|Johnnie C. Johnson
July 8, 1924 - April 13, 2005
We will miss you Johnnie...
|May 13, 2001|
Maggie McCabe and Johnnie Johnson
I had the honor of meeting and talking with Johnnie Johnson,.the jump blues/boogie pianist who co-wrote such Chuck Berry staples as "Maybellene" and "Roll Over Beethoven". After all my wonderful experiences in music, meeting Johnnie is without a doubt the thrill of a lifetime. Not because he's a Rock & Roll hall of famer, not because of his talent or fame at all but because I had the chance to sit down, just he and I for about 10 minutes in a small club in Windsor and just talk. I really felt as if I was talking with a good friend. When I first was introduced to him he immediately pulled a chair out and told me to sit down and talk for a while. I asked if he would sign my CD and as he was writing I realized who I was sitting next to and without thinking I blurted out what a thrill it was to meet him.
Without missing a beat he said "It's a thrill that you want my autograph". The charm, humility and grace that this man holds is genuine. When I explained that I was a musician he showed real interest. He asked what I played. When I said guitar he said "Oh, I was hoping you played the piano. I would have asked you up".
I'll regret forever I didn't mention that I could have sung "Georgia on my Mind" which Johnnie does a wonderful version of. He did call up someone he had met during the break to sing but it wasn't me. I do take pride in the fact that when Johnnie first started to call this lady up to sing, the friends at my table (Larry & Mary Anne Everhart, Howard and Deb Glaser) all turned around and thought it might be me he was talking about over the mic. The look on their faces that I may have finagled my way on stage was priceless. Good thing I wasn't called up, I would have had heart failure.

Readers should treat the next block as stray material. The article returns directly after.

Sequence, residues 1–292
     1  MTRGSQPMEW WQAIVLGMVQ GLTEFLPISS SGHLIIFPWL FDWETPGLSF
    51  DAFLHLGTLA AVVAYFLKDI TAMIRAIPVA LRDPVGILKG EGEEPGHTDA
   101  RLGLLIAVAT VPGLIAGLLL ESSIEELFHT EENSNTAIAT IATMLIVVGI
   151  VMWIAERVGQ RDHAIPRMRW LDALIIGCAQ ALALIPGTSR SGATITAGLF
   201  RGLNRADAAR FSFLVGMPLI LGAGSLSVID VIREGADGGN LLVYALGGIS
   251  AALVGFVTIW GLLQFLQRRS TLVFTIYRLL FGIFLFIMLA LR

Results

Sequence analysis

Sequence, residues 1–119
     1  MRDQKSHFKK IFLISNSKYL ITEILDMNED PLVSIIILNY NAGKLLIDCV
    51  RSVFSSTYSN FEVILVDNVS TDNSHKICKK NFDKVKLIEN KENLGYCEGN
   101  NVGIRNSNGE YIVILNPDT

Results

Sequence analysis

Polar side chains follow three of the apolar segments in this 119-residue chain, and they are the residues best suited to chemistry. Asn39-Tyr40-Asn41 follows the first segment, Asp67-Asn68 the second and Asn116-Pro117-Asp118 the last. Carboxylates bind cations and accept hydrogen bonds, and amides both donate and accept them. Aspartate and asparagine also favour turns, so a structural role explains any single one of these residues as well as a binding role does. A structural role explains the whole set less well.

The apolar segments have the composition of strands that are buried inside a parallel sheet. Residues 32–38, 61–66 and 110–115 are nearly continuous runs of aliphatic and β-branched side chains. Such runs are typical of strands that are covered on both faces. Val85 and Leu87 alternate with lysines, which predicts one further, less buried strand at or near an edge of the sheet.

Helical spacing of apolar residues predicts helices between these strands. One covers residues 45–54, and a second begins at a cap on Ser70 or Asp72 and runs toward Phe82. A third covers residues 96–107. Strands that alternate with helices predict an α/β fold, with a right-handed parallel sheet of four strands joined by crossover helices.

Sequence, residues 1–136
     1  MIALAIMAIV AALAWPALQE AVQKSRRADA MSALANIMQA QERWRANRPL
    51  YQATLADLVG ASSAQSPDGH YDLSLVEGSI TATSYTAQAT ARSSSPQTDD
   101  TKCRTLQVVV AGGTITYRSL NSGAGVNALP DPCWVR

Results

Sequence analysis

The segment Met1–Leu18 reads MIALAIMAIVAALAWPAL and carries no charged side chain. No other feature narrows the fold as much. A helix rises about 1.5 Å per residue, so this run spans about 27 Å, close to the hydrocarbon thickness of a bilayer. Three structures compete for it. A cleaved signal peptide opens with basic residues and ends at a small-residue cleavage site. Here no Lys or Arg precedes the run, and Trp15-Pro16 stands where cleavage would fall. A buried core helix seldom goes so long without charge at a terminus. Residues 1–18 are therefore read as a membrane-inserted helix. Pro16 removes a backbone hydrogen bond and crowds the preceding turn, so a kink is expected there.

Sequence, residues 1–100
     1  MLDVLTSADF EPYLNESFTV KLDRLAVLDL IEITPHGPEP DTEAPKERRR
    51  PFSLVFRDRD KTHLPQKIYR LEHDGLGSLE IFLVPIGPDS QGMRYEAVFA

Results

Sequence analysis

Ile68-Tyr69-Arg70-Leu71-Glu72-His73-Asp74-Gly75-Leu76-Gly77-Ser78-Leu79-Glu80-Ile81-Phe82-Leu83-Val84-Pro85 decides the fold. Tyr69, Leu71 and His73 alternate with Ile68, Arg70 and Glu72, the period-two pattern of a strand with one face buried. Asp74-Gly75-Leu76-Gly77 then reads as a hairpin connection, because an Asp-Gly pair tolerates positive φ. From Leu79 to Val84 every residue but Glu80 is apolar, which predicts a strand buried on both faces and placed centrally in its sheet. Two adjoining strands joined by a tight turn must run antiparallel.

Johnnie told me about the tour he was about to go on. He told the story of getting into the Hall of Fame. He talked about a tribute album that's going to be put together with people like Eric Clapton, John Sebastian, Keith Richards, Paul McCartney, and Bonnie Raitt. We started talking about harmonica players. I bragged about Larry Everhart hoping Johnnie may get the idea to call Larry up to play- didn't work (sorry Larry, I tried). Johnnie said "You know I haven't played with a harmonica player in a while. In fact, the last harmonica player I played with was John Sebastian". He said " You know he got into the hall of fame before I did. In fact, he took his award and taped my name on it over his and gave it to me and said you keep this until you get your own". Johnnie exclaimed "I can finally send that back to him".
I mentioned that I had a demo CD's of our blues trio Maggie's Farm with me and could I give him a copy to which he immediately replied, "I'd be disappointed if you didn't". He made me feel truly important and displayed an honest interest in hearing our music. Near the end of our conversation he said "You're good, I can just tell by talking with you. You're good."
After meeting this true legend I have to say, if I never play again, if I never sing another note, hearing a man like Johnnie say that to me will be words that I'll never forget.
Johnnie, you are gracious, delightful and in my eyes
a genuine, shining star.
Johnnie Passed away today April
13, 2005. He will be dearly missed...most definitely by this fan.
Read more about Johnnie on his website.